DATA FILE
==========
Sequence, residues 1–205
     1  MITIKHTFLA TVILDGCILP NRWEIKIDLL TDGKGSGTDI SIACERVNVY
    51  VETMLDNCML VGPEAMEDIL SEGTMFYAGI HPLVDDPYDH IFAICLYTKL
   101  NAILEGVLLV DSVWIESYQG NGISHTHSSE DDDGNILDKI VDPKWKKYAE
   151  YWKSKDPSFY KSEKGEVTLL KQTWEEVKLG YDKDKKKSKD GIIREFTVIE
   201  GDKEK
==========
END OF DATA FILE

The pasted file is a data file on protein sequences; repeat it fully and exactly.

Sequence, residues 1–205
     1  MITIKHTFLA TVILDGCILP NRWEIKIDLL TDGKGSGTDI SIACERVNVY
    51  VETMLDNCML VGPEAMEDIL SEGTMFYAGI HPLVDDPYDH IFAICLYTKL
   101  NAILEGVLLV DSVWIESYQG NGISHTHSSE DDDGNILDKI VDPKWKKYAE
   151  YWKSKDPSFY KSEKGEVTLL KQTWEEVKLG YDKDKKKSKD GIIREFTVIE
   201  GDKEK